Combatting the COVID Blues
There is no official agreed upon term but everyone knows what you are talking about. That general slightly anxious, slightly bored, slightly pessimistic feeling. You know where you wake up and feel like it is never going to end and what is the point of even trying and that nobody would understand because what do you have to complain about anyway? I call it the COVID Blues. You’re sick of being in your house but you have no motivation to leave. You’re sick of trying to be grateful for you job and your roof and everything else because your boss stopped being supportive months ago and you haven’t cleaned in days. Whatever the details of your specific situation, you’re just feeling low, not depressed exactly, just low. This is normal. Human beings were designed to be social. We were designed to appreciate and value new experiences and new sensations. Even introverts and homebodies need a certain level of human connection and newness. So it is really normal and expected that this sucks and it is bringing you low. So step one, let the guilt and shame go. It is okay to feel this way no matter what privilege and benefits you have.
Next, knowing what you are missing is important. Knowing that connection, novelty, and whatever you need to be happy is not present means that you have to reach in to give it to yourself.
- Connection: Go ahead and meet a friend (socially distant of course) for a coffee and a walk. Go ahead and ask your neighbor for a socially distant 5 o’clock happy hour. And if the energy feels overwhelmingly awful, just go to the farmer’s market and do your grocery shopping in the open air market. You’ll have to talk with the vendors and that will feel better than you can imagine.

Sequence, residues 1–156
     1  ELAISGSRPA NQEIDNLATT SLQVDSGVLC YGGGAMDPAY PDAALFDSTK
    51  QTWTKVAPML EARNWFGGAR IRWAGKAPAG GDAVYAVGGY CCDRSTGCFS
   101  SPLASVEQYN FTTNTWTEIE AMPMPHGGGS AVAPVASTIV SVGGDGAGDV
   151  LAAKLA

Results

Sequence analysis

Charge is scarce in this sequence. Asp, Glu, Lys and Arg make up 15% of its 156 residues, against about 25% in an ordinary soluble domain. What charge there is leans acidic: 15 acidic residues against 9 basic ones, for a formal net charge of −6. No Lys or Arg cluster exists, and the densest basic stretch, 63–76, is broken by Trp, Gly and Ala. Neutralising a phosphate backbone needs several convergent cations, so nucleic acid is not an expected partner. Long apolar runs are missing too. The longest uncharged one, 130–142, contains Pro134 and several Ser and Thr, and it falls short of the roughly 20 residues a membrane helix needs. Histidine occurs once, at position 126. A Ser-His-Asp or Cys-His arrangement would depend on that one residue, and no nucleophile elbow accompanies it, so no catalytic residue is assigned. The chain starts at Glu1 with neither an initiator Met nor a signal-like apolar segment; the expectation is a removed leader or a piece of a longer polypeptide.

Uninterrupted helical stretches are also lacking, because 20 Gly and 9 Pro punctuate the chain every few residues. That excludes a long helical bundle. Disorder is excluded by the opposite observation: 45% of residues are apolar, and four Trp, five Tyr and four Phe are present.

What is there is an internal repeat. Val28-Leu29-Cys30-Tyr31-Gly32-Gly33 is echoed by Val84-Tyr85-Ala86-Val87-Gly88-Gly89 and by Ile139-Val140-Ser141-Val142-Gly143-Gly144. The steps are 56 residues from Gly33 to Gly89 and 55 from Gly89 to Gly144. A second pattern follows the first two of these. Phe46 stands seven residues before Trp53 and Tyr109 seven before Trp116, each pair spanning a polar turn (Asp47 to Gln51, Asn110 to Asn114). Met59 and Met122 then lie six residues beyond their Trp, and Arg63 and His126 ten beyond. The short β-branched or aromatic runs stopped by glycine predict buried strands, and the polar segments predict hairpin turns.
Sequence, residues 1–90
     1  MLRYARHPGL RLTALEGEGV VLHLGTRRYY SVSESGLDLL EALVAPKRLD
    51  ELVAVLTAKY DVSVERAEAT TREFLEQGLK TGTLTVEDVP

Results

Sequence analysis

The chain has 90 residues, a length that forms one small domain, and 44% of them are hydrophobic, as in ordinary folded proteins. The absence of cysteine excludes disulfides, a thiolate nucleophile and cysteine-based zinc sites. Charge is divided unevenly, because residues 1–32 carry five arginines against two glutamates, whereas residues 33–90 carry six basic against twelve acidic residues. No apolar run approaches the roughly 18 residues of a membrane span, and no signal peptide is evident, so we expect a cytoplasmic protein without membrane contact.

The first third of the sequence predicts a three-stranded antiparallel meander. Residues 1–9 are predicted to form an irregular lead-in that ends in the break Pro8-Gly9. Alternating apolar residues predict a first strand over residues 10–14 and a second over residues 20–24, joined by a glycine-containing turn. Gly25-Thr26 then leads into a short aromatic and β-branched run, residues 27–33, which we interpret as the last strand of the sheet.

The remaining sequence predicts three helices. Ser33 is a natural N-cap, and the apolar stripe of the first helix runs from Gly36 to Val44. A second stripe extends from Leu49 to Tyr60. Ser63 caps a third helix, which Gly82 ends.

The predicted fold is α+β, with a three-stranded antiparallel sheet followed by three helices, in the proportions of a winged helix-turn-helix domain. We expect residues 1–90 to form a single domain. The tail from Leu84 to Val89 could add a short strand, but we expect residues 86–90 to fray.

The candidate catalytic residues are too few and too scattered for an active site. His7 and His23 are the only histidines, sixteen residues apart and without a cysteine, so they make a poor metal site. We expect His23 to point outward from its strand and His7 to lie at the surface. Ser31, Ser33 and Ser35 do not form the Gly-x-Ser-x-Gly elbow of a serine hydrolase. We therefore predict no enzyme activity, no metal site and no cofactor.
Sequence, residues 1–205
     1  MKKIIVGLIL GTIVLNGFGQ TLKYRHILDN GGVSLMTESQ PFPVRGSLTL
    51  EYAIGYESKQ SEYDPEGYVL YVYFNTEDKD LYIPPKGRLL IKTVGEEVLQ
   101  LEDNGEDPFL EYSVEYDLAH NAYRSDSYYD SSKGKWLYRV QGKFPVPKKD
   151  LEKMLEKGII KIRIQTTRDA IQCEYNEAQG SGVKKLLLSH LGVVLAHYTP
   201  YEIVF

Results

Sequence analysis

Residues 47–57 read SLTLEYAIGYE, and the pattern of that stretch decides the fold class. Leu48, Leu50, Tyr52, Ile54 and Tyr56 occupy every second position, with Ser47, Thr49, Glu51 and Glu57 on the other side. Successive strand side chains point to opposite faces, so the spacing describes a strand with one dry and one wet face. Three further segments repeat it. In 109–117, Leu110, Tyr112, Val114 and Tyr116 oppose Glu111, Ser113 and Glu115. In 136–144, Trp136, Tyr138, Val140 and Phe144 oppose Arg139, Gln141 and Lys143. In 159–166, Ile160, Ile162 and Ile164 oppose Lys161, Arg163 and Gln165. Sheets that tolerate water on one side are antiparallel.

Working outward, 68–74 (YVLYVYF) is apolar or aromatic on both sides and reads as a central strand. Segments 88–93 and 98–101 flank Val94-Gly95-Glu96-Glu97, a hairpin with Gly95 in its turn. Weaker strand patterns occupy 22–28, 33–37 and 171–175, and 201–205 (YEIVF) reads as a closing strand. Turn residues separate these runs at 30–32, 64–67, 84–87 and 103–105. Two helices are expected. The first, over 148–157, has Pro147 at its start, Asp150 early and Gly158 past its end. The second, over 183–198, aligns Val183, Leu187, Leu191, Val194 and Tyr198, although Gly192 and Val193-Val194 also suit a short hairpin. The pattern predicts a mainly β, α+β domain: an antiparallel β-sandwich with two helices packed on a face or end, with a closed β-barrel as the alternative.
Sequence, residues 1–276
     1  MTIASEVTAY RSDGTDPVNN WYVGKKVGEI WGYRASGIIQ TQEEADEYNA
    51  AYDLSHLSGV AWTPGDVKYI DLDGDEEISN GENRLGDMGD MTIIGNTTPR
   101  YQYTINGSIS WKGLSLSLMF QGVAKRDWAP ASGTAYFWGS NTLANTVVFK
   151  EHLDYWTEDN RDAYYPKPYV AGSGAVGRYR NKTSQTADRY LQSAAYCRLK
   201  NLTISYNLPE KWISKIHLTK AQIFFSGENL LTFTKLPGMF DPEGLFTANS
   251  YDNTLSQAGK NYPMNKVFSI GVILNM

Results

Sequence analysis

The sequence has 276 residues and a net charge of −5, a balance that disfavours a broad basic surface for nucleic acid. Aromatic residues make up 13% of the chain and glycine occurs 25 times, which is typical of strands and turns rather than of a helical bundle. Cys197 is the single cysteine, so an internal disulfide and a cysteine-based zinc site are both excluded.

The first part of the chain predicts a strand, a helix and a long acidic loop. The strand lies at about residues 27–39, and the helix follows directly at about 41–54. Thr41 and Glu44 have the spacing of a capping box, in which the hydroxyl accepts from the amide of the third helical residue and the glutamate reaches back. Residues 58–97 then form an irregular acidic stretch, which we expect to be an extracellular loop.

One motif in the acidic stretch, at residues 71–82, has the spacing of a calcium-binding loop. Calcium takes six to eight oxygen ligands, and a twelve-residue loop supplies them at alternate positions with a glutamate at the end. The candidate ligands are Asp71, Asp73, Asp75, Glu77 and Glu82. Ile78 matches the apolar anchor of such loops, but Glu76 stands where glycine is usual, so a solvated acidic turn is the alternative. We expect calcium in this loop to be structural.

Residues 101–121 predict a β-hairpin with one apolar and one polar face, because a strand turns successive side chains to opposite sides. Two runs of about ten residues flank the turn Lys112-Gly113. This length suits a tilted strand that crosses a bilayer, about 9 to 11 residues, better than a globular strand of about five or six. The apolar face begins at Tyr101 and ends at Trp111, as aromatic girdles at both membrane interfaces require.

- Novelty: Change your walking routine for a different route, different neighborhood, different trail. Just change something. Maybe your sick of cooking, so switch it up and order from a new restaurant or get something different from your favorite place. Remember, your brain is craving new stimuli and this can be attained with almost any degree of change. In our old life, your commute home was different every day and you still drove the same route mostly. Since those stimulus’s have been taken away from us, change what you can. Take a bike ride instead of a walk, play basketball instead of a run, watch The Crown instead of the latest Bachelorette or the other way around.
- Happiness: Most humans find happiness in the small things like fresh air, appreciation for a job well down, beauty, or movement. Identify what that is for you in the “normal times” and introduce a version of that for yourself now. Simple steps like cleaning your room, taking a shower, buying a poinsettia to add color to your home are all simple ways to get you moving and to create a small burst of happiness.
None of this will make the Holidays less weird and isolating. But each of these small steps creates a place for a renewed sense of being in this together and for hope. And as 2020 has taught us, each small step every day gets us closer to a world where we can begin to feel safe and free from disease again.